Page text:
We had a later start than usual from the Brook of Inveraestra, finally setting off at 10:00am. We scouted the two-step rapid near the camp site which turned out to be good fun and an easy rapid; it had looked a little difficult the evening before.
Some of us shot this rapid, while others lined their boats through the smaller channel at the side, due to concerns about shallow rocks
During the day a number of rapids were shot by us all. As we had different skill levels and confidence levels, some rapids were lined by a few individuals while others paddled through.
Nik negotiating the Side Slip rapid (photo David Tasker)
The previous morning my tent was a bit damp and I was still trying to work out my packing routine so put the tent into my pack and not into the dry sack. My pack had spent a few minutes under water during the day while my boat was upside down, wrapped under a log. Therefore when I went to bed, the tent was quite wet, inside and outside, including both the fly and the inner.
I was pleasantly surprised in the morning when I found that despite camping next to a river, and in a damp rainforest, my tent was much drier than when I went to bed. In fact, it looked as though it was just the normal amount of condensation that is to be expected when sleeping in a tiny one-man tent.
The water level was down by another 15cm, which meant that it was now back to the level that we started with.
The boats that were patched on the previous evening had both deflated slowly overnight. Jess’ boat required a quick re-patching over the existing patch in the morning and fully re-patching again at the end of the day. The inside patch had probably not taken well, due to water on the inside of the tube.
After breaking camp and launching our boats, we discussed the high number of mishaps on the previous day and talked about ways in which we could improve our communications and avoid further problems as much as possible.
Nik and Paul lining rafts through a shallow and log infested rapid (photo David Tasker)
It was drizzling early in the morning, but it gradually cleared as the day progressed. The water level was down by about 15cm. That left it at about 15cm above what we regarded as the ‘normal’ (low) water level.
Before leaving camp, we reviewed the notes for the section of the Franklin River that we expected to raft today. In particular we discussed the corner of the river known as ‘Debacle Bend’. As the name suggests there have been a lot of problems for many rafters on this rapid. According to the notes, the rapid looks fine and perfectly raftable, however the notes also made it abundantly clear that it should NOT be rafted due to very sharp rocks which are highly likely to cut right through fully laden rafts while paddling through it. The recommendation was to simply line the boats through, ie, let them float down while being held by ropes from the shore or while wading through shallow water.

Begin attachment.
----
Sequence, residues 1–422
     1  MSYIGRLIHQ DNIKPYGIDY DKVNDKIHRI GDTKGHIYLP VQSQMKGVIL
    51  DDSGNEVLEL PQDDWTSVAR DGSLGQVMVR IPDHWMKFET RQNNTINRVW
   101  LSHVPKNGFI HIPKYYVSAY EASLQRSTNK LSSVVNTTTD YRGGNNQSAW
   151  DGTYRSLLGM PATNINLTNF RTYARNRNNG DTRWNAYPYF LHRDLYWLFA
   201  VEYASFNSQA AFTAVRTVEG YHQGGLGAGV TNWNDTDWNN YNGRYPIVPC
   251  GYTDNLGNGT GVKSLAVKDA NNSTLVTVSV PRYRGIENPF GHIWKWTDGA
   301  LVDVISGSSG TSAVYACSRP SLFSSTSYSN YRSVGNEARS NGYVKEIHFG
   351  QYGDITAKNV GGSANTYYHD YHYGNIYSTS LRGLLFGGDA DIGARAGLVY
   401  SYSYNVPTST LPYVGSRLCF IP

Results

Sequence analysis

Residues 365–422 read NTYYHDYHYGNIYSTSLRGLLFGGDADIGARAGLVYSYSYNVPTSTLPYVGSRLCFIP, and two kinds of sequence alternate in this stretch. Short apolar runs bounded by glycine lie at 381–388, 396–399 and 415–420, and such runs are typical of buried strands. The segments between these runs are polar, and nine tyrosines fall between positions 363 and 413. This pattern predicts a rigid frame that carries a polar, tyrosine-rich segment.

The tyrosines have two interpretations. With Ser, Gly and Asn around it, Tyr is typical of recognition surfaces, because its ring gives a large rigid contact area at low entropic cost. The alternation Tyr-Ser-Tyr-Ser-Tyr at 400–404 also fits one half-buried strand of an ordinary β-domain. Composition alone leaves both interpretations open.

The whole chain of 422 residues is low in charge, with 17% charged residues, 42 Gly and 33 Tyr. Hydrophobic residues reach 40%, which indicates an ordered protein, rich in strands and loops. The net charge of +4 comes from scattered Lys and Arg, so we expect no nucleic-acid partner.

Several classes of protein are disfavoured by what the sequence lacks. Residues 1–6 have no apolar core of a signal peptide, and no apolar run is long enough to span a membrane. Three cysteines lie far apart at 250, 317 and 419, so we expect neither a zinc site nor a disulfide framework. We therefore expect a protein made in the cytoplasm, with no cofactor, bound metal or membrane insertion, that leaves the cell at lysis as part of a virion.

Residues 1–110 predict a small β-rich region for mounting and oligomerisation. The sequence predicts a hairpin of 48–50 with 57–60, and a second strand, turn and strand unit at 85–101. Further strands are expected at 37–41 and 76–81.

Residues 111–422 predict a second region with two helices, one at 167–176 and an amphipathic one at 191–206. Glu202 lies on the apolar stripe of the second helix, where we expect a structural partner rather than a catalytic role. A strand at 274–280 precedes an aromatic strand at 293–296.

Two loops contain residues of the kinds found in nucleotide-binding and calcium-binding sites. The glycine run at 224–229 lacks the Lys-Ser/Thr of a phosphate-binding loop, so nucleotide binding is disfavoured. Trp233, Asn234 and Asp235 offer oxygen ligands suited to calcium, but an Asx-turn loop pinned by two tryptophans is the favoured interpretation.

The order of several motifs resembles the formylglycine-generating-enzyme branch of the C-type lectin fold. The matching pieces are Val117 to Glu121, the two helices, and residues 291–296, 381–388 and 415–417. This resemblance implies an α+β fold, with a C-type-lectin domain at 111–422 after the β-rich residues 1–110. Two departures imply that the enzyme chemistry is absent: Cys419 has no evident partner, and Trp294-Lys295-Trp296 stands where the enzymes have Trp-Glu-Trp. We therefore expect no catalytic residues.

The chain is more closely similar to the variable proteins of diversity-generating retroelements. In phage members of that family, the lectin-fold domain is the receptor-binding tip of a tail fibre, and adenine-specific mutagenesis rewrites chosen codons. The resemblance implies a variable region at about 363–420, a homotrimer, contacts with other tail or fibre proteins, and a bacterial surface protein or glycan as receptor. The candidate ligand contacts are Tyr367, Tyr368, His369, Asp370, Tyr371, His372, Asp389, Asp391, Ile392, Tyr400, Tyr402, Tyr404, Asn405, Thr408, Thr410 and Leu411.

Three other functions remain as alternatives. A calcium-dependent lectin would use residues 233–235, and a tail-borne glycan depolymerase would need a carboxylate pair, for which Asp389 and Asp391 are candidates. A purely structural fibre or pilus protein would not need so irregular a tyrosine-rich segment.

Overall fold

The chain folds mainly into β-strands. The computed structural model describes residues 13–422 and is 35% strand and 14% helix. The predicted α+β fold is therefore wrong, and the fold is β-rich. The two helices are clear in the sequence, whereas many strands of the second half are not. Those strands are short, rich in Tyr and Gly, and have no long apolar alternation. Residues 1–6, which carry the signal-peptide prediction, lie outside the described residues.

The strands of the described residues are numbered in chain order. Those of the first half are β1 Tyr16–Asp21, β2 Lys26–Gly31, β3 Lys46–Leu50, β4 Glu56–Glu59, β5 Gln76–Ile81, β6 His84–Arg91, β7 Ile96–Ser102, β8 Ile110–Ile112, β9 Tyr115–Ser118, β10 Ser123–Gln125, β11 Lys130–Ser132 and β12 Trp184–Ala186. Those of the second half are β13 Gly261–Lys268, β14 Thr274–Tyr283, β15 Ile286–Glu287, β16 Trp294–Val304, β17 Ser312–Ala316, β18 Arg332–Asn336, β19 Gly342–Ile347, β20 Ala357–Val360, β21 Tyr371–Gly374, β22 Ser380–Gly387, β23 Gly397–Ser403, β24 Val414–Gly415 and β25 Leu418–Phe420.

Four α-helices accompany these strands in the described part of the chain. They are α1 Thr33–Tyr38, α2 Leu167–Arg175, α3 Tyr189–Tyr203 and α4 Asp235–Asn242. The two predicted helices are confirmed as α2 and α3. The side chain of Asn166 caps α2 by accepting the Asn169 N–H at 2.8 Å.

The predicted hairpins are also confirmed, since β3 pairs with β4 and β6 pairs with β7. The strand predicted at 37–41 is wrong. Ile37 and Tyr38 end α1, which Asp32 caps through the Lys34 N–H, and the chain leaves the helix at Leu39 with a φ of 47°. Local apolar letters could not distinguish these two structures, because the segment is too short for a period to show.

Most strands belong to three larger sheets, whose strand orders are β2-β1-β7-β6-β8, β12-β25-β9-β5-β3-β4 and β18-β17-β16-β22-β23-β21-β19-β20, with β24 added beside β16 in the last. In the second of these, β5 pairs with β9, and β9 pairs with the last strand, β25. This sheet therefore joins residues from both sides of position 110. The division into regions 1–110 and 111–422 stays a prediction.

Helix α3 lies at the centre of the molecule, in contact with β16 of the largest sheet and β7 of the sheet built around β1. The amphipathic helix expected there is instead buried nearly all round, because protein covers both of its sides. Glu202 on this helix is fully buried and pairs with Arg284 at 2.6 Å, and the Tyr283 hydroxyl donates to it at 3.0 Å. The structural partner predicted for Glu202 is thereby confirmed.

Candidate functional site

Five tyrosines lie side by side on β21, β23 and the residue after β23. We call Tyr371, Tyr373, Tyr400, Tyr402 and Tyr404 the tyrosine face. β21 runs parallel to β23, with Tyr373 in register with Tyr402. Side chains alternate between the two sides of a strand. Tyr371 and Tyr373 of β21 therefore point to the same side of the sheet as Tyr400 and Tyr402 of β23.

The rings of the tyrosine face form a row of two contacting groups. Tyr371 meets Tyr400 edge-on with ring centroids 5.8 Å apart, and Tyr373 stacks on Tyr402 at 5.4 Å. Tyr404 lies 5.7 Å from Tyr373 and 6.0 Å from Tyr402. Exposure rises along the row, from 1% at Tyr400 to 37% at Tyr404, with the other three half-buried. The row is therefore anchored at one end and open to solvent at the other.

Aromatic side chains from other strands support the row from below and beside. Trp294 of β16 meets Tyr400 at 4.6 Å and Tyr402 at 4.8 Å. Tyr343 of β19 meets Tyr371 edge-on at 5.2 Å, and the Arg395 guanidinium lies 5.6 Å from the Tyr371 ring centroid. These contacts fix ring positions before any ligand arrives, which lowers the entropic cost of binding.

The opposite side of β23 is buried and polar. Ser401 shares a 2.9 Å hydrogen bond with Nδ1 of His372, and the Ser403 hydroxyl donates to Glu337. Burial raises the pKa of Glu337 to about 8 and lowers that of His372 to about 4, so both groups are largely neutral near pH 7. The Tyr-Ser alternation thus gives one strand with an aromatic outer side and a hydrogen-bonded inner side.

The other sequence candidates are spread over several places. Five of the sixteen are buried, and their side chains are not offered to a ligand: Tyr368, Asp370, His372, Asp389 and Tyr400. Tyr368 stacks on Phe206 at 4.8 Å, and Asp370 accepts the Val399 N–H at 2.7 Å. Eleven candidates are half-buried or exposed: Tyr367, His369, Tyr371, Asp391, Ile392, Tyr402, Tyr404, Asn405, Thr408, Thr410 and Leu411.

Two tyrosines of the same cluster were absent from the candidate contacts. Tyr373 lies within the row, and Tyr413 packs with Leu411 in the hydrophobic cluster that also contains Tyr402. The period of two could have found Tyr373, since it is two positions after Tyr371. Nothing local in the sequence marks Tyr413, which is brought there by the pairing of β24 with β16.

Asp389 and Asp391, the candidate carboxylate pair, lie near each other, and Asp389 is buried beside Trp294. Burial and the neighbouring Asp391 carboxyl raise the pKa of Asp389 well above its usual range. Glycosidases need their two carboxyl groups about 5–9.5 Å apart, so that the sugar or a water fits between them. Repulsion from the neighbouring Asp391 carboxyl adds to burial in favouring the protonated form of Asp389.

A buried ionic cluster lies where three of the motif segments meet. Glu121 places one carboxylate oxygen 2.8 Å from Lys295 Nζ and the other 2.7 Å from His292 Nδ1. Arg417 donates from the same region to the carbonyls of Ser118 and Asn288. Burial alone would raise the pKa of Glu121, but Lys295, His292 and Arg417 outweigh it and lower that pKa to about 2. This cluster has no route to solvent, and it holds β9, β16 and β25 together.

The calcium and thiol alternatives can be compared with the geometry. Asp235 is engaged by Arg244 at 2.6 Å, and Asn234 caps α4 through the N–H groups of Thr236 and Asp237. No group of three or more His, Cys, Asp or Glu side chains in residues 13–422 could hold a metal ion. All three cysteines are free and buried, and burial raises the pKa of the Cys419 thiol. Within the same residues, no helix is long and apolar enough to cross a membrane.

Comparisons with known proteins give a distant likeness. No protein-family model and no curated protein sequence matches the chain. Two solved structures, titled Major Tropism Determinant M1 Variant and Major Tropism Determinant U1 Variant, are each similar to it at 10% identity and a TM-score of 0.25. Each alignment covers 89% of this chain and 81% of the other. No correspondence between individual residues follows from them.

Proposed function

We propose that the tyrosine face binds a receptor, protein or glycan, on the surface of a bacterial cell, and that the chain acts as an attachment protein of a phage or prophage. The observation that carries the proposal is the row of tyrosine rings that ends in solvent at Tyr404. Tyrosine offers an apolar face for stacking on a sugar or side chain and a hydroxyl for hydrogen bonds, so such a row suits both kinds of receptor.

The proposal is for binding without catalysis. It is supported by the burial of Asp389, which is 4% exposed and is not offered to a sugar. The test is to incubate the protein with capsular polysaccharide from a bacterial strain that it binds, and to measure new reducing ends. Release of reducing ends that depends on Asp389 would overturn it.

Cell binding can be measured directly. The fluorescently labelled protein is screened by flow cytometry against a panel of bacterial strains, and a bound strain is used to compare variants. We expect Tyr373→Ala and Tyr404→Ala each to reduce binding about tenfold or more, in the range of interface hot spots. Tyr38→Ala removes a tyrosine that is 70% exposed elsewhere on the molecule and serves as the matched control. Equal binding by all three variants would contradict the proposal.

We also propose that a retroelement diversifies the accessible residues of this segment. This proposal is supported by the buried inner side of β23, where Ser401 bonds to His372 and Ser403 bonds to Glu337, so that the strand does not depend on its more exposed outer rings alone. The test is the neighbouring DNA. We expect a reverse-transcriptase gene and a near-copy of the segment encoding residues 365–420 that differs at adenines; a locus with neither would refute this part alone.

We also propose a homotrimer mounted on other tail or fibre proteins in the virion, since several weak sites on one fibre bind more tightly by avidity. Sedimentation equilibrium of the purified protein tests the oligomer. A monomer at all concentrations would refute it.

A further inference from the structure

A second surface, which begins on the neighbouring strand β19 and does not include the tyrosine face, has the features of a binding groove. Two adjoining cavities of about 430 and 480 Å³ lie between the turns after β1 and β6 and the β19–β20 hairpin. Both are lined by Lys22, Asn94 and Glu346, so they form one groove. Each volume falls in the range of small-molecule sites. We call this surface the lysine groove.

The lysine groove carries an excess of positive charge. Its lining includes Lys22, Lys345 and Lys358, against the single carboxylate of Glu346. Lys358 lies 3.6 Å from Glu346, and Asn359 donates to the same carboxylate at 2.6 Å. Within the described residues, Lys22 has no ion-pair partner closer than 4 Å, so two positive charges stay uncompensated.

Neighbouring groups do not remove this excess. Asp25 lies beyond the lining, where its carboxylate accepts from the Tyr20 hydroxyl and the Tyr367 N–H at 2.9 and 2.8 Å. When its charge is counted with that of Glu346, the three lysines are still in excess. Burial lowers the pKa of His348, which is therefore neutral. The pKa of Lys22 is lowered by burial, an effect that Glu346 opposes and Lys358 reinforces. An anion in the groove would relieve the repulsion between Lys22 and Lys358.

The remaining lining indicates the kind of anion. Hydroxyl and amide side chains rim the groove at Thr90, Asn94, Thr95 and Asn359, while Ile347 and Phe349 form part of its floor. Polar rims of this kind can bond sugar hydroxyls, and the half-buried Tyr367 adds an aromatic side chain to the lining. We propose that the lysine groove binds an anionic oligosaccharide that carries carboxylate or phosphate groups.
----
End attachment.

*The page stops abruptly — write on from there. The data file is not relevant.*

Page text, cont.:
We were all clear on this, having had several punctures to boats already – to watch out for Debacle Bend, which would be later in the afternoon, and make sure we line the boats through. Simple! Other than that the notes indicated that the day would be a long but largely enjoyable one, with a variety of rapids, and not too much portaging. After a further discussion, Jess agreed to carry the second spare paddle (Jamie’s old paddle) for the day.
Sean shoots a rapid soon after Fincham Crossing (photo Jamie Warburton)
The events during the day proved to be a serious wake up call, reminding us that all the notes and research that we had were only indicators. We came to realise that every trip on this river would be different based on water levels and people skills, and that the notes, while useful, were merely a very general guide. We knew this – after all there were disclaimers on all the paperwork – but it finally hit home to us on day five. Continue reading
When we awoke and crawled out of our tents, we found that the rain had eased off to an occasional shower, and it held off while we packed our tents and gear. However, the drizzle returned occasionally throughout the morning.
When I packed my gear for this trip at home, it took about five tries to get all of my gear into my large pack with the intention that having to portage only one item (in addition to the boat itself) was the way to go. However, I’d not managed to get it all in again for the second day’s rafting, and had relied on using spare space in Kate’s pack which was stowed in my raft. Now that Kate and Lauren had left via Frenchmans Cap, I tried again to fit everything back into my pack. But there was no way it was going to work.
Instead, I had to pack my dry sack and back pack separately with the dry sack tied onto both the raft and to the outside of my pack. I also had to be prepared for everything in the back pack to get doused in water. I had to completely change how I packed. Eventually I came up with a system that worked well for the rest of the trip.
Rafts which had been dragged up onto the beach and on rocks were floating on the higher water in the morning
Overnight the water level in the basin below the Irenabyss where our boats had been pulled up on the beach, had risen by about 30cm. One of the boats that had been sitting on rocks was now floating. Thankfully, we had all remembered to tie them up securely. I later learned that David also had a habit of quietly sneaking down to the river each evening to check on the boats and paddles. It was generally agreed that this slightly higher water level would be a very good thing for us, as it had been a little lower than we would have liked so far, with some of the rapids still being a bit too shallow on the previous day of paddling.
David shooting a rapid between the Irenabyss and Fincham Crossing